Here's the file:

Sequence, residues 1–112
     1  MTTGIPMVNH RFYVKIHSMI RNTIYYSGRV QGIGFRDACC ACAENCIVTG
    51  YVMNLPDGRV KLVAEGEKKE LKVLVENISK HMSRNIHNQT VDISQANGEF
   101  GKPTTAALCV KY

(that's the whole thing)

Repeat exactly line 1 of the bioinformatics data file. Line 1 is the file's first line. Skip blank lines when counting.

Sequence, residues 1–112